Kuwa during speed trials off Hiroshima, 1918. Note the vast amount of smoke from coal-fired boilers
|Builders:||Maizuru Naval Arsenal
Kure Naval Arsenal
Sasebo Naval Arsenal
Yokosuka Naval Arsenal
|Operators:||Imperial Japanese Navy|
|Preceded by:||Momo class|
|Succeeded by:||Kawakaze class|
|In commission:||1918-02-28 – 1936-04-01|
|Displacement:||850 long tons (860 t) normal,
1,100 long tons (1,100 t) full load
|Length:||83.8 m (275 ft) pp,
85.8 m (281 ft) overall
|Beam:||7.7 m (25 ft)|
|Draught:||2.3 m (7.5 ft)|
|Propulsion:||2-shaft steam turbine, 4 boilers 16,700 ihp (12,500 kW)|
|Speed:||31.5 knots (58.3 km/h)|
|Range:||2,400 nmi (4,400 km; 2,800 mi) at 15 knots (28 km/h; 17 mph)|
|Armament:||3 × QF 4.7 inch Gun Mk I – IV
2 × 6.5mm machine guns
6 × 53cm torpedoes
The Enoki-class destroyers (榎型駆逐艦 Enokigata kuchikukan?) were a class of six destroyers of the Imperial Japanese Navy. As with the previous Momo class, all were named after trees. As Enoki and Nara were both commissioned on the same day, the class is also referred to as the Nara class.
With most of Japan’s destroyers deployed to the Mediterranean Sea as part of Japan’s contribution to the war effort against Imperial Germany under the Anglo-Japanese Alliance, the Imperial Japanese Navy approached the Diet of Japan for an emergency procurement budget, similar to that awarded during the Russo-Japanese War for the production of the Kamikaze class destroyers. The funding was awarded from the fiscal 1917 budget, but mindful of the fact that the Kamikaze-class destroyers had not actually been completed until after the end of the previous war, the government stipulated that the emergency budget be used up within a six-month period.
With such a limited time frame to use its budget, the Japanese Navy could not afford the time to design a new ship. Therefore, the blueprints for the previous Momo-class destroyers were distributed to each shipyard, with the instructions that identical ships be produced, except with sturdier armor and bow construction. Experience with extended overseas deployment in World War I had taught the Japanese Navy that the construction of its destroyers needed to be reinforced to handle heavy seas. The result was a ship which looked physically almost exactly like the Momo class, but was roughly 15 tons heavier in displacement.
Internally, all six vessels used Brown-Curtis geared steam turbine engines, which could use either heavy fuel oil or coal for propulsion. Armament was identical to the Momo class, with three QF 4.7 inch Gun Mk I – IV guns, pedestal mounted along the centerline of the vessel, front, mid-ship and to the stern and two triple torpedo launchers.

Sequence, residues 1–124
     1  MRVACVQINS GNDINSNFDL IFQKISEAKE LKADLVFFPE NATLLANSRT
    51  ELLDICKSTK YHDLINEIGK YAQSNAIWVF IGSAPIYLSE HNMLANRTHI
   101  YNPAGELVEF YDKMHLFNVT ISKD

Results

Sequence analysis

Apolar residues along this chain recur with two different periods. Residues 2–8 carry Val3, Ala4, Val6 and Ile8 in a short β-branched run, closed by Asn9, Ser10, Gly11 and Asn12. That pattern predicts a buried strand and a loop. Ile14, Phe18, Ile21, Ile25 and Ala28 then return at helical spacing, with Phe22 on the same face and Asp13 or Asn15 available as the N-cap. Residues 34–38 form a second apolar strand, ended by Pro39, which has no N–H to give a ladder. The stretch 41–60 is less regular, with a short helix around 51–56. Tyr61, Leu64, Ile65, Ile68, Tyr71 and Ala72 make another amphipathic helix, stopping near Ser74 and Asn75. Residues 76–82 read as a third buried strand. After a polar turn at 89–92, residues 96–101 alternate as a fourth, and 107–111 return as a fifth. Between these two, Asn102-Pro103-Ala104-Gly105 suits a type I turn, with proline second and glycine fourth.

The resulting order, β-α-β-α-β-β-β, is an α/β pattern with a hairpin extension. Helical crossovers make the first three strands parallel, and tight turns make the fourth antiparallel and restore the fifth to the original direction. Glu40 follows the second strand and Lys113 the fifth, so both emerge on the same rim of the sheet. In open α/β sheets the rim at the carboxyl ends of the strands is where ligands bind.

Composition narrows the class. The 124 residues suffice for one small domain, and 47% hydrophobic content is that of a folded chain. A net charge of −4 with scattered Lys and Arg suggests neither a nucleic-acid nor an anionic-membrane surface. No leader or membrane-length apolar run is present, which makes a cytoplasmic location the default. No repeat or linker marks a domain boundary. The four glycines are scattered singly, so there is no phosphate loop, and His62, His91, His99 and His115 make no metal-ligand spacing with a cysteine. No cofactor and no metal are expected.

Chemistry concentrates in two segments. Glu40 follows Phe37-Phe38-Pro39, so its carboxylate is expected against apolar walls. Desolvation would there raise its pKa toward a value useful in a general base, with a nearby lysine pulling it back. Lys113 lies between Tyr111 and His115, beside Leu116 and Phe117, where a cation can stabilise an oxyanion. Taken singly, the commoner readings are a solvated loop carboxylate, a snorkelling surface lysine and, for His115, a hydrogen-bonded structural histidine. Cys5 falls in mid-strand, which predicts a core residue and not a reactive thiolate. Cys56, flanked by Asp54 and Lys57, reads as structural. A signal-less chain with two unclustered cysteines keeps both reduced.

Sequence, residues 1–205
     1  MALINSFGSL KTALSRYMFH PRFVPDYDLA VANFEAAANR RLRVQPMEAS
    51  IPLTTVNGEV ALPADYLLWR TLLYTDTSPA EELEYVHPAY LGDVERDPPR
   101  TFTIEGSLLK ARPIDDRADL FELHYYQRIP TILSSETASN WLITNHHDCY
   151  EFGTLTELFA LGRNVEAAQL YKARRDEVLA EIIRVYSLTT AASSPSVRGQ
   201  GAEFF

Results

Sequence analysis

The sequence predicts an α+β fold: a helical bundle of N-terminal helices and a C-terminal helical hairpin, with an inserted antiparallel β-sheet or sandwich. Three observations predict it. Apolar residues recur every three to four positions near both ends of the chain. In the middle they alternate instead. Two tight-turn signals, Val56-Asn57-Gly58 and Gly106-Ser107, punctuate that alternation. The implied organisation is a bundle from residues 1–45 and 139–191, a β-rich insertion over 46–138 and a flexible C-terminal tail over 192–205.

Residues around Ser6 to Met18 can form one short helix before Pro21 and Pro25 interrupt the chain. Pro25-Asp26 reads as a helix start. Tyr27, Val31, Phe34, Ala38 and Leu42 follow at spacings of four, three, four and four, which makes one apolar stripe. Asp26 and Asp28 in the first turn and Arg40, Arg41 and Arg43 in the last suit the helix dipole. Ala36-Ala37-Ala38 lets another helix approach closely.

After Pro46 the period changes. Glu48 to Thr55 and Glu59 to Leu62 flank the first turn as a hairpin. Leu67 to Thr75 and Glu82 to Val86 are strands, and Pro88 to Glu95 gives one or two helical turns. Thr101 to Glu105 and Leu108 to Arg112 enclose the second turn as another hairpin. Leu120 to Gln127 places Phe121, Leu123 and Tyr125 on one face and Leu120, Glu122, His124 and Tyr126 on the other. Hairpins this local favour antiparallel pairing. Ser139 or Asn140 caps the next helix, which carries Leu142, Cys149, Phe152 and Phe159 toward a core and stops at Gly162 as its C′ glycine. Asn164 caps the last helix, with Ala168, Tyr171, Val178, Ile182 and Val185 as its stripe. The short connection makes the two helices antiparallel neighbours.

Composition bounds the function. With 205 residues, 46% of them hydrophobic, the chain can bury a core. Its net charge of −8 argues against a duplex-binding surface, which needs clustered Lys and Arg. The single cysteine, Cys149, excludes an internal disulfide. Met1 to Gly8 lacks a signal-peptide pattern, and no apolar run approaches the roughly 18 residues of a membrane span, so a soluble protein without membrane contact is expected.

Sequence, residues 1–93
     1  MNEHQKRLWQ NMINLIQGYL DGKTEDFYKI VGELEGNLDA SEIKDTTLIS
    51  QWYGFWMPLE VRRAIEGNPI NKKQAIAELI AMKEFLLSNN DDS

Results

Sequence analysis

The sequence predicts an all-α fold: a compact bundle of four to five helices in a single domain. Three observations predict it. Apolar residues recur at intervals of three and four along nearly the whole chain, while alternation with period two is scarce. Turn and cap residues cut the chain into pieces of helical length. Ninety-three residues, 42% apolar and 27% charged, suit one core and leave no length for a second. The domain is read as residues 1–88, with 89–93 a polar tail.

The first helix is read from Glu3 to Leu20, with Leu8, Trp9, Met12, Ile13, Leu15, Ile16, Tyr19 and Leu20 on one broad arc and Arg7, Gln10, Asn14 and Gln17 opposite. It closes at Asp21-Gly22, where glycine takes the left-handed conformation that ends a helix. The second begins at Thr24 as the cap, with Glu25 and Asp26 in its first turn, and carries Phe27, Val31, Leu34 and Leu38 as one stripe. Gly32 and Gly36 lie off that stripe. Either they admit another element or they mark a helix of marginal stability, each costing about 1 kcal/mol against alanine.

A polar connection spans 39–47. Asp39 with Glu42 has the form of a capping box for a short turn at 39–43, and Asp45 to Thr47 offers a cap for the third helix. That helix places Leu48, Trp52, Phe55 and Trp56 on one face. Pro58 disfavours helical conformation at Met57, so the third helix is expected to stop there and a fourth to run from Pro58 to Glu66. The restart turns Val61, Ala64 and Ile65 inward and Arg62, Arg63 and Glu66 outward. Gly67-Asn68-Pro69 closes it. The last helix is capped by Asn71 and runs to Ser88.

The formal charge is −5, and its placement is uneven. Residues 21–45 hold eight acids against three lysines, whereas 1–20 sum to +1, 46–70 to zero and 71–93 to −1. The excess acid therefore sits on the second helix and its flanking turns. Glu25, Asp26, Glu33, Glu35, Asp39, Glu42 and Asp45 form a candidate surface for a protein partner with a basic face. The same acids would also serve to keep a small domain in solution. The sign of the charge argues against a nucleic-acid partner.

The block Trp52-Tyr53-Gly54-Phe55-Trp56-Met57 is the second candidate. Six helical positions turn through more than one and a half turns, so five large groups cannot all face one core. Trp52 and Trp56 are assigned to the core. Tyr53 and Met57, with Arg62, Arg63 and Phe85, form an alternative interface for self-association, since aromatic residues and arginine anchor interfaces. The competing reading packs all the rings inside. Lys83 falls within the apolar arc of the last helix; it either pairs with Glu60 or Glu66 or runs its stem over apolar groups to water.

The Enoki-class destroyers served in the very final stages of World War I, where they were deployed mostly in local waters near the Japanese home islands. Enoki and Nara were converted to minesweepers on June 1, 1930. The remaining four vessels were retired on April 1, 1934.
List of Ships
|榎||Enoki||Maizuru Naval Arsenal, Japan||1917-10-01||1918-03-05||1918-04-30||Minesweeper W-10 1930-06-01
|槇||Maki||Sasebo Naval Arsenal, Japan||1917-10-16||1917-12-28||1918-04-07||retired 1934-04-01|
|欅||Keyaki||Sasebo Naval Arsenal, Japan||1917-10-16||1918-01-15||1918-04-20||retired 1934-04-01|
|桑||Kuwa||Kure Naval Arsenal, Japan||1917-11-05||1918-02-23||1918-03-31||retired 1934-04-01|
|椿||Tsubaki||Kure Naval Arsenal, Japan||1917-11-05||1918-02-23||1918-04-30||retired 1935-04-01|
|楢||Nara||Yokosuka Naval Arsenal, Japan||1917-11-08||1918-03-28||1918-04-30||Minesweeper W-9 1930-06-01
- Jentsura, Warships of the Imperial Japanese Navy, 1869–1945
- Evans, Kaigun: Strategy, Tactics, and Technology in the Imperial Japanese Navy.
- Howarth, The Fighting Ships of the Rising Sun
- Globalsecurity.org, IJN Enoki class destroyers
- Nishida, Imperial Japanese Navy
- Nishida, Imperial Japanese Navy
- Evans, David (1979). Kaigun: Strategy, Tactics, and Technology in the Imperial Japanese Navy, 1887–1941. US Naval Institute Press. ISBN 0-87021-192-7.
- Howarth, Stephen (1983). The Fighting Ships of the Rising Sun: The Drama of the Imperial Japanese Navy, 1895–1945. Atheneum. ISBN 0-689-11402-8.
- Jentsura, Hansgeorg (1976). Warships of the Imperial Japanese Navy, 1869–1945. US Naval Institute Press. ISBN 0-87021-893-X.
- Nishida, Hiroshi. "Materials of IJN: Enoki class destroyer". Imperial Japanese Navy.
- "IJN Enoki class destroyers". Globalsecurity.org.
- Media related to Enoki class destroyer at Wikimedia Commons